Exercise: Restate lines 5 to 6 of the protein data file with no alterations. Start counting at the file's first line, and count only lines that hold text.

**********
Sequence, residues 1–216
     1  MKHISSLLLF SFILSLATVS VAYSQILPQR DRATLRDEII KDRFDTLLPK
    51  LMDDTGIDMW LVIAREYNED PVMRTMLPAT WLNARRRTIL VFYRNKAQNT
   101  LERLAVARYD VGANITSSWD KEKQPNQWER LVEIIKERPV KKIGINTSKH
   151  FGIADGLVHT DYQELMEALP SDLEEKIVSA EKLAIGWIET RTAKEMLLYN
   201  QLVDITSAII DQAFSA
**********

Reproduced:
   151  FGIADGLVHT DYQELMEALP SDLEEKIVSA EKLAIGWIET RTAKEMLLYN
   201  QLVDITSAII DQAFSA